Getting the Most Out of Apocalyptic Literature

It is important to note that 28% of the Old Testament is prophecy, most of which came to pass in the life and work of our Lord Jesus Christ. The New Testament has over 20% of some form of prophecy too, of which most (although this is debated) has not yet come to pass. Thus, prophecy is important because God has dedicated a significant portion of His Word to it.

Again, do not read in what is not there. We are given a clear warning in Revelation 22:18-19 not to add in our ideas or take a way His precepts and thus teach what is false. It is OK to speculate academically, research, and argue and deliberate over the views, but we are not to seek or read in what we want and then miss what He has. A lot of Christian writers love to embellish on this subject and give their own version of what will happen. But, the scores of books that have been written in the last hundred years have not panned out in their theories. Every prediction made by many melodramatic preachers and writers have not come true because it is “their” theories, not based on fact or careful study of Scripture. The Bible clearly tells us we do not have access to that information; no one will know the time (Matt. 25:13; John 16:4).

When you come to a word in the Bible, it is best to first assume it is literal, unless the context and word cry out, “hey! This may be a metaphor!”

Just look it up in a Bible Dictionary, a Bible Background Commentary or language help, or use our website. A metaphor does not mean that the Bible is not literal, as finding the meaning of the word is a literal way to receive God’s truth. The bottom line is this; the reason why we do not always take these images literally is for the reason that this is “apocalyptic literature” written in symbolism, poetry and imageries conveying ideas and representations, whereas most of Scripture is narrative and epistles (letters) that we do take as literal; they mean what they mean plainly.

Make sure you are not reading into the Bible what you want it to say; rather, allow His Most precious Word to challenge you to lead a great fruitful Christian life! We can agree to disagree over what is literal and what is figurative, or what view one should take—or take no view at all, as I do. The main point is our love for the Lord and our willingness to learn and apply His precious Truth into our lives and church. He is the One who gives us life, salvation, is in control, has a plan, and will work it out in His perfect time!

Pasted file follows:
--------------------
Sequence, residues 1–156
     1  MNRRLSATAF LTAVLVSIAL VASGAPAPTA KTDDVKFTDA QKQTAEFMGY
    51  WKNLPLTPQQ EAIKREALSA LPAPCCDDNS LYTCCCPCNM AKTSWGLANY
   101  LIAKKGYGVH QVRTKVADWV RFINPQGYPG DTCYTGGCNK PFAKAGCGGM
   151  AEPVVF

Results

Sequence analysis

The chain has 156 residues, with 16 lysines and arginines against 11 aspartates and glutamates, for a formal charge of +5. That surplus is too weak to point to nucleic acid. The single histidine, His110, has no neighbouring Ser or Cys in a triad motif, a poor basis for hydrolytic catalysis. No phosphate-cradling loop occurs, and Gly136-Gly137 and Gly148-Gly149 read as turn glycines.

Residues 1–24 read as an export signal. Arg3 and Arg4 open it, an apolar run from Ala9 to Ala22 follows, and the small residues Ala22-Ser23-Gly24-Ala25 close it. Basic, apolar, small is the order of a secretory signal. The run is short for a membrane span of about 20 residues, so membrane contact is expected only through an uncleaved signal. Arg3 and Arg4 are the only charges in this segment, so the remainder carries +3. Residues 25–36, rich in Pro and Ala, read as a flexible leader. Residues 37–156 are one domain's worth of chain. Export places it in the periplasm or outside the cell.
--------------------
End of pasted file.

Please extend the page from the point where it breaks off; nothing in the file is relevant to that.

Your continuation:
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2 thoughts on “Getting the Most Out of Apocalyptic Literature

  1. If you look at the language of the Bible you will find more metaphors, and symbols, than most give it credit. For instance, Jesus taught mostly in parable, and when he didn’t he said things like “destroy this temple, and in three days I will raise it up.” A statement he was clearly directing at himself and not the literal temple, A statement not meant to be taken literal. I mean just thing about how people talk, we use words, and pictures, and stories to explain and compare things. We OFTEN over exaggerate, which was also another teaching quality of Jesus, the hyperbole. If you thing everything should be taken literal just look at the fulfilled of the Old Testament Prophecies. Many prophecies like the Locus King and army of Joel were descriptions of invading armies, not literal locus. If all of the Old Testament prophecies have not come true literal, why should we think all of Revelation needs to be taken literal? Most scholars would say much of Revelation was describing the persecution taking place under Emperor Nero and not some future event.

    The simple truth, prophecy is like Hindsight… It always tends to be 20/20.

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